Popular literature has never become disenchanted with the enchanted, possessed or cursed. You can find vampires, zombies, ghouls, ghosts and the demonically possessed in several best selling novels. In the tradition of Mary Shelly’s “Frankenstein”, the more recent literary forays into the world of the undead, sort of dead, and soon to be dead, have attempted to give some scientific and psychological rationales for their characters.
In light of some of the breakthroughs in new forensic techniques, authors have taken advantage, and incorporated these themes into their novels. Two theories used to explain vampires deal with DNA technology, specifically sequencing the genomes of the creatures mentioned above, and virology.
In Deborah Harkness’s All Souls trilogy, her main characters pursue a twofold quest. The vampire, Matthew Clairmont, is a microbiologist in his present regeneration. He is studying the DNA of witches, vampires and other creatures to see what their connection is to non-creature humans. He is looking for similarities, and those markers which identify them as a witch or vampire, etc.
At the same time, Dianna Bishop, an unwilling witch with very strong powers, is searching for an elusive medieval book that promises to give credence to the connections between all creatures, human and otherwise. There are many forces not willing to let her find this book, because of the power it holds. The fact that this trilogy brings in some of the most interesting aspects of DNA technology, like finding your ancestry through a study of your genetic markers, brings the study of vampire lore into another arena.
Vampire lore is world-wide, and is based on ignorance of the decomposition processes that occur after death, the inability to ascribe causes for disease or devastating weather phenomenon, and what a coma is. Locals would blame a plague like rabies, which ravaged Eastern Europe at the time vampire lore emerged, on the last person who died. The same was true of crop failure, or severe weather. These folks would dig up the person, looking for evidence of their evil-doing. In cooler climates decomposition was slower and two processes fed the vampire legends. One was that blood can pool in the chest cavity post-mortem. So, the stake in the heart produced the gushing of blood. Gas bubbles produced by bacterial activity forced blood from the lungs into and out of the mouth. Whoops, looks like Igor just had a blood meal! And last, but not least, image the evidence of the activities of the undead unearthed, (pardon the pun), when a person who had succumbed to a coma through neurological damage or disease was examined.
These folks were dispatched in the ways we have come to know, stake through the heart, beheading, dismembering, and burning of the remains. For those who are squeamish, just sprinkle the grave with vinegar and water. The mutilation of corpses was so rampant the Catholic Church disavowed and discouraged the practice.
The next theory delves into the catch-all of virology, the above mentioned rabies epidemic, for instance. Victims infected with the rabies virus exhibit all the symptoms attributed to vampires, insomnia, sensitivity to light, mirrors and reflective water surfaces, sensitivity to sulfurous foods like, you got it, garlic. Bats transmit rabies, giving credence to the ability of a vampire to turn into a bat.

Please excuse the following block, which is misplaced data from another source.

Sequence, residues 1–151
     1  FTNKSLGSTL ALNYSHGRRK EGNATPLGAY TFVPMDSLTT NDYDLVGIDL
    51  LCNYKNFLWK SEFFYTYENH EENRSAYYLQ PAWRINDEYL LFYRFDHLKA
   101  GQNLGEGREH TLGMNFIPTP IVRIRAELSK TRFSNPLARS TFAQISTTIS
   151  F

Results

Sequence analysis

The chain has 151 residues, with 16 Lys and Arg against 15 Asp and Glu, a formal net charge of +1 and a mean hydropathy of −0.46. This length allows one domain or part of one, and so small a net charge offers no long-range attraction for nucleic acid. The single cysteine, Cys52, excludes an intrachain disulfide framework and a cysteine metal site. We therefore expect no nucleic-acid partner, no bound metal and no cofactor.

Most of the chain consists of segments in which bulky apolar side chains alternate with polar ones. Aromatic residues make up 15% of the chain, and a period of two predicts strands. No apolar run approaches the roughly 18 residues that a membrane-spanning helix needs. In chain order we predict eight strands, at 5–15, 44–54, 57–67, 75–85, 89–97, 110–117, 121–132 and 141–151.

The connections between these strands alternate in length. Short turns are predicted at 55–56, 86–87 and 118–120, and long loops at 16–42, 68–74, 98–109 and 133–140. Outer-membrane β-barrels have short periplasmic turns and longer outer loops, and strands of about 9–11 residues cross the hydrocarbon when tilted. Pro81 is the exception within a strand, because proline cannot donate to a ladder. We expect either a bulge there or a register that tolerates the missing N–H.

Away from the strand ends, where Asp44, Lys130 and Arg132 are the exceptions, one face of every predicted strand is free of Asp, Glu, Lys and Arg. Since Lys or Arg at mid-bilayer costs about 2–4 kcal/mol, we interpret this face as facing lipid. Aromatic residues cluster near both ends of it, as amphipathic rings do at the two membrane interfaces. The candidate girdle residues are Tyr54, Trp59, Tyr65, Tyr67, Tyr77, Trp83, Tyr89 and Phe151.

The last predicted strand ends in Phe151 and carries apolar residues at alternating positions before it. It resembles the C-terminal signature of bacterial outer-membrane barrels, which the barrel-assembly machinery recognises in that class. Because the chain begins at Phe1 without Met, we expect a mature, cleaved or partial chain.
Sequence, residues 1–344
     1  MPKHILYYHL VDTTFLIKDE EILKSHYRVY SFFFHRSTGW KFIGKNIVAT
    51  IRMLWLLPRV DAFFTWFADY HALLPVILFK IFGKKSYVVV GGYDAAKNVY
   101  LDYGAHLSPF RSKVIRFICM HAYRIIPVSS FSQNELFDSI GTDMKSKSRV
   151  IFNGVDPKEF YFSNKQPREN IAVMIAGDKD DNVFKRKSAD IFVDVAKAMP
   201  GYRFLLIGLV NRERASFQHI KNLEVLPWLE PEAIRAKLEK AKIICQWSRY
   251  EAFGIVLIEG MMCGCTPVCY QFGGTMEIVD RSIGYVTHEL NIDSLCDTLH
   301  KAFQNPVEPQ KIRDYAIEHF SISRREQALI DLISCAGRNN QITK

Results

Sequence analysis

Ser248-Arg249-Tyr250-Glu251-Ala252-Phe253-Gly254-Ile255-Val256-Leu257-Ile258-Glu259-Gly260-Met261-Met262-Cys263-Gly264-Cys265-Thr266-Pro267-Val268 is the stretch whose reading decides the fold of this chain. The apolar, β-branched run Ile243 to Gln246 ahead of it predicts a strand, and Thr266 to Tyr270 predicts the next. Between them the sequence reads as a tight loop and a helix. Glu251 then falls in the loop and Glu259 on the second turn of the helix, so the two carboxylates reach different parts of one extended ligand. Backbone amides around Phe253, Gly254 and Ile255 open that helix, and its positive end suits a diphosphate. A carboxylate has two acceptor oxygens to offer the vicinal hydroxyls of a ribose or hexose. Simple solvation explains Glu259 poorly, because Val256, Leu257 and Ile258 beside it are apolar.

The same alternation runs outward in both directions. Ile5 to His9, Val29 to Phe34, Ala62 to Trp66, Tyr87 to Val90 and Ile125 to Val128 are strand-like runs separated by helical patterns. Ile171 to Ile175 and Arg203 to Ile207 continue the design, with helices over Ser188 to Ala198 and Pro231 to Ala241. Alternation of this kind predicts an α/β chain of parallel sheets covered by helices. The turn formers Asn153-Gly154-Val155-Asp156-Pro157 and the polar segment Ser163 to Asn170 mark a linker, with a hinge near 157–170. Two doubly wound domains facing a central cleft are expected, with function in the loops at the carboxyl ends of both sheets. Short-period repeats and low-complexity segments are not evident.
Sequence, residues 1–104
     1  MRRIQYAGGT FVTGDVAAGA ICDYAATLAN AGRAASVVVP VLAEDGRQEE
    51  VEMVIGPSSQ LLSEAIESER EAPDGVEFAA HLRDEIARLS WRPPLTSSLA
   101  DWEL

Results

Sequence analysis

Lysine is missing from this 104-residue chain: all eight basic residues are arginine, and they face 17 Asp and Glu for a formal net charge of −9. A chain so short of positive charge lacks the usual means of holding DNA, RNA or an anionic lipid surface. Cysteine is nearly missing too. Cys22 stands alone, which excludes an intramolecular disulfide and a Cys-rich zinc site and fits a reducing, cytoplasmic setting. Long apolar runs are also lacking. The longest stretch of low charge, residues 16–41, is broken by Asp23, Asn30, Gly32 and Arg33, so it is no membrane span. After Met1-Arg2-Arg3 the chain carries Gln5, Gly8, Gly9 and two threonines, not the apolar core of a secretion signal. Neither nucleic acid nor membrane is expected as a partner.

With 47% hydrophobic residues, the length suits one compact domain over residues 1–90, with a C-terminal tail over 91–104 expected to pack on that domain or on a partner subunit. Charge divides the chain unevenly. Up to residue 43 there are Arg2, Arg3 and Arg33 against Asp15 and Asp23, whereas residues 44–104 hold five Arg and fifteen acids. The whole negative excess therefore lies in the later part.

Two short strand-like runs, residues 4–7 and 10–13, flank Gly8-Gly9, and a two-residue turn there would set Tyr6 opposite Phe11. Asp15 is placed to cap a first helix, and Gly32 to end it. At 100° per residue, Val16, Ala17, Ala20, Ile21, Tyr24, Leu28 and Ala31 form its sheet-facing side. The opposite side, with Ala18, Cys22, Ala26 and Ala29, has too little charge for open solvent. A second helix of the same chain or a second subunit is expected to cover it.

Another theory based on virology was put forth as Vampiric Virology By Hugo Pecos & Robert Lomax. The source of vampirism is the human vampirism virus (HVV). Like rabies, HVV has a distinct bullet shape and belongs to the order Mononegavirales—viruses with a nonsegmented, negative-stranded RNA genome. The virus’ natural host is a flea commonly found on cave-dwelling bats—most notably the vampire bat. In the most common scenario, the flea bites a bat, which in-turn passes the virus on to humans and other mammals. Warning, this is a theory.
A neurological condition called porphyria can be used as an example of a disease exhibiting the symptoms of vampirism mentioned above. King George III of England, the one America declared independence from, had the condition.
Moving on to Zombies, we find another condition that some try to give a scientific explanation to. Zombies originate in Haitian folklore, with roots in Africa. A zombie is a reanimated corpse produced through the work of a Vodoo witch called a bokor. This is done by using potions and other mysterious rituals. The zombie does the bidding of the person who has reanimated them. Some bokors will capture the zombie spirit or “astral” in a small flask or vial, and sell it as a talisman the buyer can use to control others.
There are some examples in nature of one organism taking control of another, and using it for some benefit. An example of this is a species of fungus, Opmocordoyceps unlateralis, infects certain species of ants which in turn will carry their spores to new hosts. Jewel wasps inject roaches with venom, disabling them, dragging them into their nests where they serve as food. But, if you are looking for examples of human bodies reanimated to do your bidding, you may find this a challenge.
Zombies also exhibit the same characteristics as those suffering from neurological diseases. If legitimate science finds some legitimate zombies to carry out their research on, perhaps they will find a cure for these poor unattractive creatures. That is, if the zombies don’t eat them first.
In conclusion, when venturing into the world of vampires, zombies and others, separate your fact from fiction, or just enjoy the fiction. This article has been brought on by an overexposure to Halloween.